State Supreme Court To Review New Plan To Integrate Schools
April 15, 2002
By ROBERT A. FRAHM, Courant Staff Writer
When civil rights activists accuse the state in court this week of failing to comply with a school desegregation order, they will cite the plight of parents like Hartford's Shari Miller.
Miller wants her daughter, Chelsea, who turns 5 this week, to attend kindergarten at the racially integrated University of Hartford Magnet School this fall, but Chelsea's chances are remote.
In the six years since the state Supreme Court ordered the legislature to reduce racial isolation in Hartford's public schools, Connecticut has spent hundreds of millions of dollars on new magnet schools, but those schools remain out of reach for many, including Chelsea.
The $21.5 million university magnet school, which opened last year, has nearly 1,700 applicants for fewer than 50 openings next fall. Chelsea, who is biracial, is on a waiting list.
"I don't anticipate her getting in this year," Shari Miller said. "Probably not next year, either."
When plaintiffs in the historic Sheff vs. O'Neill case return to court Tuesday, they will present a plan that could open new spots in attractive magnet schools or in suburban schools to thousands more children in Hartford. Miller is among the witnesses expected to testify in the case.
The new plan - relying on strictly voluntary choices for parents - is the first remedy ever outlined in such detail by plaintiffs in the case, which was filed 13 years ago to reduce segregation in Hartford's mostly black and Hispanic public schools.
The plan avoids controversial measures such as mandatory busing or reconfiguration of urban-suburban school district boundary lines. Instead, it proposes a vast increase in the number of children moving voluntarily between Hartford and its predominantly white suburbs.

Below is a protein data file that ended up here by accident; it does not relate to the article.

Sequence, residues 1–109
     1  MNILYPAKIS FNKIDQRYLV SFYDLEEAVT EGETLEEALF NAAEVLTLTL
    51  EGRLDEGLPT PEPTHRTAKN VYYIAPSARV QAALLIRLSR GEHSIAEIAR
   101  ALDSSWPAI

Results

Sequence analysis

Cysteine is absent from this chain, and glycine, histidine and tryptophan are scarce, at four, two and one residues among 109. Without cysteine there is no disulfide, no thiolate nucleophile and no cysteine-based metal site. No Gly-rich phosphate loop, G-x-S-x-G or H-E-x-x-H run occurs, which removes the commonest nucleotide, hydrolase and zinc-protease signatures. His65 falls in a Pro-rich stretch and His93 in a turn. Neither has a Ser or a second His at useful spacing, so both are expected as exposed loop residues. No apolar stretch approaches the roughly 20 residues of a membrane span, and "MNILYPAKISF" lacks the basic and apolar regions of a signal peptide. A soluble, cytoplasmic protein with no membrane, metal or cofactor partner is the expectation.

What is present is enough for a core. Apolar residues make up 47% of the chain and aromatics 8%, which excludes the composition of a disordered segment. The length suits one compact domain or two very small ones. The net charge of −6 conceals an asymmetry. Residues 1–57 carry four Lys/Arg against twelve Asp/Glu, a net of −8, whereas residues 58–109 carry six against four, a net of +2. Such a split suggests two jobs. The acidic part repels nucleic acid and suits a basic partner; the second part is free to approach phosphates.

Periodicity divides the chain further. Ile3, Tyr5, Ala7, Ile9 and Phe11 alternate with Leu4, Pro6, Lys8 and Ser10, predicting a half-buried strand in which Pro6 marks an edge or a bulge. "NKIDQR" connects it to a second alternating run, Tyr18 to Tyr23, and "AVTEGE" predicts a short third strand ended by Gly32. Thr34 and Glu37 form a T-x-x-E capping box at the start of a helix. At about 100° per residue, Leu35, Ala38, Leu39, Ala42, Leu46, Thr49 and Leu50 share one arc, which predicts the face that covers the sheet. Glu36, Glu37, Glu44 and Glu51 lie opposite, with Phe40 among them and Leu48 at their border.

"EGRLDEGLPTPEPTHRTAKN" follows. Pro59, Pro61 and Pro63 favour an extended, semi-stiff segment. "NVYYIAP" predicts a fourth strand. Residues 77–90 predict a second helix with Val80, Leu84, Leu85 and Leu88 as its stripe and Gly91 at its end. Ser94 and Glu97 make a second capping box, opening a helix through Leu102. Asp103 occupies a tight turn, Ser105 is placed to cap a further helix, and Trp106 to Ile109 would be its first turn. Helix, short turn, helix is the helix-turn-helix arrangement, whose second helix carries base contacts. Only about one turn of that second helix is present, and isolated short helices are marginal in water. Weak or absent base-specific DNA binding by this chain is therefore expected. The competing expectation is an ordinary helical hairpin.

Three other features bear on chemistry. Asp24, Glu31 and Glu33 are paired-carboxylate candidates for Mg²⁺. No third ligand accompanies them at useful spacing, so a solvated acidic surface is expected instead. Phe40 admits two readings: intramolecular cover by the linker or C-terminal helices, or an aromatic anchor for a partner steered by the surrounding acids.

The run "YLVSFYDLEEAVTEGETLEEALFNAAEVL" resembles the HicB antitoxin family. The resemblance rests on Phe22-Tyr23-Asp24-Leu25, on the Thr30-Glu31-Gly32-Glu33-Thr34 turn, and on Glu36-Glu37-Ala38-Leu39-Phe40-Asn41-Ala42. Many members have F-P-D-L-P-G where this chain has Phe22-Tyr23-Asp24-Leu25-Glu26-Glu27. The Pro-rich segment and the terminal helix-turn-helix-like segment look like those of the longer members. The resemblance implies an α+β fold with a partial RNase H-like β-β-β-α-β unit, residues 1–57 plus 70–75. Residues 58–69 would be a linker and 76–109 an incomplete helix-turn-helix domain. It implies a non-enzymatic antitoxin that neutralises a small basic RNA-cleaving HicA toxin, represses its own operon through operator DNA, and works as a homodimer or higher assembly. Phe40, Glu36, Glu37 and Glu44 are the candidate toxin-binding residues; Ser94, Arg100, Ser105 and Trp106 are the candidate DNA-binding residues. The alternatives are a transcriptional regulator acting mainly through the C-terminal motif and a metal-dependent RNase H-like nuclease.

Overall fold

Most magnet schools have long waiting lists, leaving families in Hartford and its suburbs to hope their children will be selected in annual lotteries.
The Sheff plan would be the most ambitious school choice program ever tried in Connecticut, requiring the creation of several new magnet schools - and a price tag reaching into the tens of millions of dollars.
The plan calls for more money and sets enrollment goals, but its central approach - the expansion of magnet schools and of a voluntary program allowing Hartford children to enroll in suburban schools - is the same path the state already has begun.
"Now the argument is more about the speed and the degree and the resources rather than the nature of the solution," said state Education Commissioner Theodore S. Sergi.
Whether the Sheff proposal will become part of a court order is a central question as hearings begin Tuesday in New Britain Superior Court before Judge Julia L. Aurigemma. She is the same judge who ruled two years ago that the state was proceeding properly and needed more time to comply with the state Supreme Court order.
Sergi and other state officials again are expected to testify that the state is meeting its obligation with the millions of dollars it has spent on magnet schools, the voluntary urban-suburban choice program, and various after-school and summer programs to reduce segregation.